numpy var


NumPy is a powerful library in Python for numerical and scientific computing. The 'numpy.var()' function is used to compute the variance of an array or a sequence of numbers. Variance is a measure of the spread or dispersion of data points. Here are step-by-step examples of how to use the 'numpy.var()' function: 
 
 
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Step 1: Import NumPy



You need to import the NumPy library before using it.



import numpy as np




Step 2: Create a NumPy Array



You can create a NumPy array, which is an efficient data structure for numerical operations, to calculate the variance. Here's an example of creating an array:


Step 3: Calculate Variance



Now that you have your data in a NumPy array, you can use the 'numpy.var()' function to calculate the variance:



variance = np.var(data)




This calculates the population variance by default. If you want to calculate the sample variance, you can specify the ddof (Delta Degrees of Freedom) parameter as 1, like this:



sample_variance = np.var(data, ddof=1)




Step 4: Print the Result



You can print the calculated variance:



print("Population Variance:", variance)
print("Sample Variance:", sample_variance)




Here's the complete code:



import numpy as np

data = np.array([10, 20, 30, 40, 50])
variance = np.var(data)
sample_variance = np.var(data, ddof=1)

print("Population Variance:", variance)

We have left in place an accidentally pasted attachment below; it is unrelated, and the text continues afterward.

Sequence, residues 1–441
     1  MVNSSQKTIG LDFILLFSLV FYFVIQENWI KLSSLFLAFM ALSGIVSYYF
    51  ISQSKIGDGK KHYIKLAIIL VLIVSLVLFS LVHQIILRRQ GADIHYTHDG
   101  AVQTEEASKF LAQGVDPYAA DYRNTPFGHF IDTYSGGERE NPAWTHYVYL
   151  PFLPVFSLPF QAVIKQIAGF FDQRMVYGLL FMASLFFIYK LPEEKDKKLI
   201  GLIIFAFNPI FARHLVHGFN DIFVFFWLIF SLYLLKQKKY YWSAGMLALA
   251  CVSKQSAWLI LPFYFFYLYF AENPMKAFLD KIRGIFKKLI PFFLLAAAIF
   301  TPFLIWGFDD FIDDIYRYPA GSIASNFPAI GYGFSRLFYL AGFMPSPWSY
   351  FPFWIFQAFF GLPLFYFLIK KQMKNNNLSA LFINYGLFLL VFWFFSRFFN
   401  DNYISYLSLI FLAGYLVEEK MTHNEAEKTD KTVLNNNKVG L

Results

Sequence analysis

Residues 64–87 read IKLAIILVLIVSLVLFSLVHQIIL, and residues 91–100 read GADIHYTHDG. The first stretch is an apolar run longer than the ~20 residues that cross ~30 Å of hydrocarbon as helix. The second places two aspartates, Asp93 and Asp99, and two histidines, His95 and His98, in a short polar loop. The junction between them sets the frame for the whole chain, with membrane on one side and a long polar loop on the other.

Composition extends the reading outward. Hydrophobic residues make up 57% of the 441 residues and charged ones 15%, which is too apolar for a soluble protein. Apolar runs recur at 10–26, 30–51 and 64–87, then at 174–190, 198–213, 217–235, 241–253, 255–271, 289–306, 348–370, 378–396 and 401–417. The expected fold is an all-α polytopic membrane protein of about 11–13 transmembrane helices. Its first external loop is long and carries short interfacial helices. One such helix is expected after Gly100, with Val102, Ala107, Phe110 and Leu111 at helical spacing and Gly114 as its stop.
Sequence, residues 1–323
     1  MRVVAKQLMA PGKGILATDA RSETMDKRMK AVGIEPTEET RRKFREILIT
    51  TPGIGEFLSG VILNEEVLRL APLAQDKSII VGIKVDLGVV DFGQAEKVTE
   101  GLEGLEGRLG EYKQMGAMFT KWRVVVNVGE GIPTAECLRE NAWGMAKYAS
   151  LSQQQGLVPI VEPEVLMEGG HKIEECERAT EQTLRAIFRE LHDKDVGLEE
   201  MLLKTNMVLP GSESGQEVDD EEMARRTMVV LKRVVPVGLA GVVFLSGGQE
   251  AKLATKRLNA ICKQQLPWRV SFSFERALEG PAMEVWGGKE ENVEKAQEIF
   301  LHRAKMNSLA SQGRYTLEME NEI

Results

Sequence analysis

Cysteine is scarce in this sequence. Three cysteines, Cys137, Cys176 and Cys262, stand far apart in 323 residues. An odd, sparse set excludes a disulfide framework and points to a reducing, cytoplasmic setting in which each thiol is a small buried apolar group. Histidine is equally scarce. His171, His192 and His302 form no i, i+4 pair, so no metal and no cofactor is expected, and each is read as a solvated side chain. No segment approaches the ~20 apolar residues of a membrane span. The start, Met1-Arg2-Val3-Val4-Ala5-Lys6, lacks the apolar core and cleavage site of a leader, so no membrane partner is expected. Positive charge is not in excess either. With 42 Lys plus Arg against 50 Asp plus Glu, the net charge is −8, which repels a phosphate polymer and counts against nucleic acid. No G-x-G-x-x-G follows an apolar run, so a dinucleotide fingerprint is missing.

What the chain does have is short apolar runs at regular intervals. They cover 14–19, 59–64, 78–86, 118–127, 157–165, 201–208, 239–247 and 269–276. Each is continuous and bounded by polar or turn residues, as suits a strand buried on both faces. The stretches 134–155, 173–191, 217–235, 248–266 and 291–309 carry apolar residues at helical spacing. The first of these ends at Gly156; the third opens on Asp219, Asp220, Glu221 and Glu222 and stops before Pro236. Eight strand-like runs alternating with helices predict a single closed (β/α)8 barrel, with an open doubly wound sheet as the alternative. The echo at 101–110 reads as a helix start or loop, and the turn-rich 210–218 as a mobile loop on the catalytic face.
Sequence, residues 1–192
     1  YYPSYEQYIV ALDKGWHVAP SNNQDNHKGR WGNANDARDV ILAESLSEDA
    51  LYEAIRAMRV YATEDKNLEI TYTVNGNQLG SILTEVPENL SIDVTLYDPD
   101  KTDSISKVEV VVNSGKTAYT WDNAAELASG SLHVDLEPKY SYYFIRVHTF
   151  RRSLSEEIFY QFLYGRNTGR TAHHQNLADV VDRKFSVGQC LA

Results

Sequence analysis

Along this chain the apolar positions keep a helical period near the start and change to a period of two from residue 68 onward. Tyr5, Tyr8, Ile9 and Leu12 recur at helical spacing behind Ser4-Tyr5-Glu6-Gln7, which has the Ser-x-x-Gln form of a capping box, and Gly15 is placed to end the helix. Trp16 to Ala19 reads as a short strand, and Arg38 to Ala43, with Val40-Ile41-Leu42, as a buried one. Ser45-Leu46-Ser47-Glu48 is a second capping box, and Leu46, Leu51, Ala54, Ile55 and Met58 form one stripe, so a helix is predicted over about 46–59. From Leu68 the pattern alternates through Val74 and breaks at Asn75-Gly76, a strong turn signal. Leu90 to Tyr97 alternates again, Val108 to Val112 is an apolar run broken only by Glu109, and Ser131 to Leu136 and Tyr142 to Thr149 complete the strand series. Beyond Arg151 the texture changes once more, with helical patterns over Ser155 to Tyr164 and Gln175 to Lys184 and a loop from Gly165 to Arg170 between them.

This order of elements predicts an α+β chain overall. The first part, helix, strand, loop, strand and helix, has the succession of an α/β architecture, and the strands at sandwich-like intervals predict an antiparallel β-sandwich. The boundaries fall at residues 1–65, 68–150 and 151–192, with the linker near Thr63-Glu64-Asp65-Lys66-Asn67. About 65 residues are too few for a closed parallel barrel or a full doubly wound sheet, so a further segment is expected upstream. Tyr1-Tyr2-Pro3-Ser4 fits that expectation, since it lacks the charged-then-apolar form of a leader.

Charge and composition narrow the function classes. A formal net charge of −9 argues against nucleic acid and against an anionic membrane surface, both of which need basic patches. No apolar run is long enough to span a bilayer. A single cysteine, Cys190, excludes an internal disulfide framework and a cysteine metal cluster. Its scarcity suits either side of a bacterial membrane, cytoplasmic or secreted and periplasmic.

print("Sample Variance:", sample_variance)



Population Variance: 200.0
Sample Variance: 250.0  
  




This code will calculate and print both the population variance and the sample variance of the data array. 


 
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Remember that the 'numpy.var()' function can be used with arrays of any dimension, and it can also calculate the variance along specific axes if you're working with multi-dimensional arrays.


Understand Variance



The variance of a dataset is calculated as the average of the squared differences between each data point and the dataset's mean. The formula for population variance is:


Where:

  • N is the number of data points.
  • xᵢ represents each data point.
  • µ is the mean of the data points.




import numpy as np

data = np.array([10, 20, 30, 40, 50])
mean = np.mean(data)

N = len(data)  # Number of data points
sum_squared_diff = np.sum((data - mean) ** 2)
population_variance = sum_squared_diff / N

print("Population Variance:", population_variance)




Population Variance: 200.0


In this code:

  • 'N' is the number of data points.
  • 'data' - mean calculates the difference between each data point and the mean.
  • '(data - mean) ** 2' squares these differences.
  • 'np.sum()' calculates the sum of the squared differences.
  • Finally, you divide the sum by 'N' to get the population variance.



Another Method: Understand Variance




import numpy as np


data = np.array([10, 20, 30, 40, 50])
mean = np.mean(data)
N = len(data)  # Number of data points
squared_diffs = [(x - mean) ** 2 for x in data]  
population_variance = sum(squared_diffs) / N

print("Population Variance:", population_variance)




Population Variance: 200.0


Here's how it works:

  • N is the number of data points.
  • The list comprehension [(x - mean) ** 2 for x in data] calculates the squared differences for each data point.
  • sum(squared_diffs) sums up the squared differences.
  • Finally, you divide the sum by N to get the population variance.



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